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16.06.16

Single commissioning hub and place-based approach vital to devolution aims, says Sir Howard

Greater Manchester and other devolved regions across England have to move to develop a single integrated commissioning hub for all public services in order to focus on “real priorities” and place-based planning, Sir Howard Bernstein, the CEO of Manchester City Council, said.

Speaking at the opening of the NHS Confederation annual conference yesterday (15 June), Sir Howard said Greater Manchester is pushing to develop single commissioning hubs for all public services – beyond just health and social care – across all its 10 localities.

“[This will] ensure that when we talk about early intervention, when we talk about early help, when we talk about the type and quality of public services that people of this conurbation, and I suspect in other places in this country, require, we are going to be able to deliver the outcomes that are necessary,” he told the audience, which consisted mainly of healthcare leaders but, for the first time ever, included the official attendance and exhibition of the LGA.

The key enabler behind these single hubs is a place-based approach to public service planning and spending, which Sir Howard said has seen “significant progress” across the board in Greater Manchester in the last 12 to 18 months.

“At all levels, people have recognised the requirement for change; people have also recognised the importance of focusing on place; people are giving time and energy and commitment in order to develop 10 locality plans, which are focused around how we introduce single commissioning foci around individual localities – initially based around health and social care spend, yes, but increasingly, over the next 12 to 18 months and beyond, on the wider public services,” he added.

“Myself, as chief executive of Manchester, and my other colleagues as chief executives of the nine other local authorities in Greater Manchester, are not just chief executives of organisations. We see ourselves as exercising a leadership role working across sectors in our own individual localities, driving place-based priorities.

“That’s absolutely essential, because unless you drive place-based priorities, you’re not actually focusing on the people – which is absolutely fundamental. So for us, collaboration across sectors is absolutely key for effecting change, and also is the requirement to rethink what we mean by accountabilities so that we underpin the place-based approach.”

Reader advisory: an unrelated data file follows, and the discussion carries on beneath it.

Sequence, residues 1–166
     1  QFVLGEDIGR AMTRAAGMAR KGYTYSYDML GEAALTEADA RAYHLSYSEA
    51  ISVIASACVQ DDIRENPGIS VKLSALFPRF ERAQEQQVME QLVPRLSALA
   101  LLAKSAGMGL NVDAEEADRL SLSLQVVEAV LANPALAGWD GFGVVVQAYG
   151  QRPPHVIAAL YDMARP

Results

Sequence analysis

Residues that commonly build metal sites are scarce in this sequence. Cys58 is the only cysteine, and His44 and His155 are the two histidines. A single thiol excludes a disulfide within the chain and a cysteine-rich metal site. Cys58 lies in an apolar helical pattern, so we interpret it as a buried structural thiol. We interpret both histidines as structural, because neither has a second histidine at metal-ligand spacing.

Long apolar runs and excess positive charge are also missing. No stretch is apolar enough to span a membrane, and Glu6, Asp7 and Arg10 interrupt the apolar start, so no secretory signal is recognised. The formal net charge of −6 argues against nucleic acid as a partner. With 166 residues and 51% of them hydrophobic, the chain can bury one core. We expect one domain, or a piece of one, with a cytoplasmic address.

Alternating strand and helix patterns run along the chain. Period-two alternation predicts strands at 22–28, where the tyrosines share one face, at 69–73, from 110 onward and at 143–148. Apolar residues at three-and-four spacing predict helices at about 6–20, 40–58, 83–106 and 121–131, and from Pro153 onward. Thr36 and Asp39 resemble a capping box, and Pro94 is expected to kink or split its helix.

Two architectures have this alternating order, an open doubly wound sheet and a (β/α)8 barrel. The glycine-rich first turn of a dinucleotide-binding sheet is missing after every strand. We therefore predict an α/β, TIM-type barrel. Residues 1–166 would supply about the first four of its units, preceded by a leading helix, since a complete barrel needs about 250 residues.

He argued that focusing on this place-based approach was actually what enabled the entire devolution agenda in Greater Manchester, spurring a “real focus” on making places economically competitive and economically productive.

Sir Howard was introduced to stage by NHS Confederation’s chair, Stephen Dorrell, who called the Manchester CEO the “principle architect of DevoManc and an early champion of the important principal that good health policy is local health policy, and that it’s about so much more than service delivery”.

“It should go without saying that there needs to be better links between health and social care, and indeed within the NHS itself – but that’s only half the story,” Dorrell added. “Good local government is about creating sustainable communities in which people lead full and fulfilling lives, and health policy in its wider sense should be at the heart of that sense of civic ambition.”

Dorrell also argued that the requirement to build a place-based approach to health and care policy isn’t unique to Manchester.

Speaking from his perspective as chair of the Birmingham and Solihull Sustainability and Transformation Plan (STP), he said that all 44 STP footprints will now have a chance to re-write the rules that steered the health and care sphere until now.

“Rather than being stuck in sterile debates between primary and secondary care, health care and social care, commissioners and providers, the planning guidance has issued us with a challenge,” added Dorrell.

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Devolution, restructuring and widespread service reform: from a journalist’s perspective, it’s never been a more exciting time to report on the public sector. That’s why I could not be more thrilled to be taking over the reins at PSE at this key juncture. There could not be a feature that more perfectly encapsulates this feeling of imminent change than the article James Palmer, mayor of Cambridgeshire and Peterborough, has penned for us on p28. In it, he highlights... read more >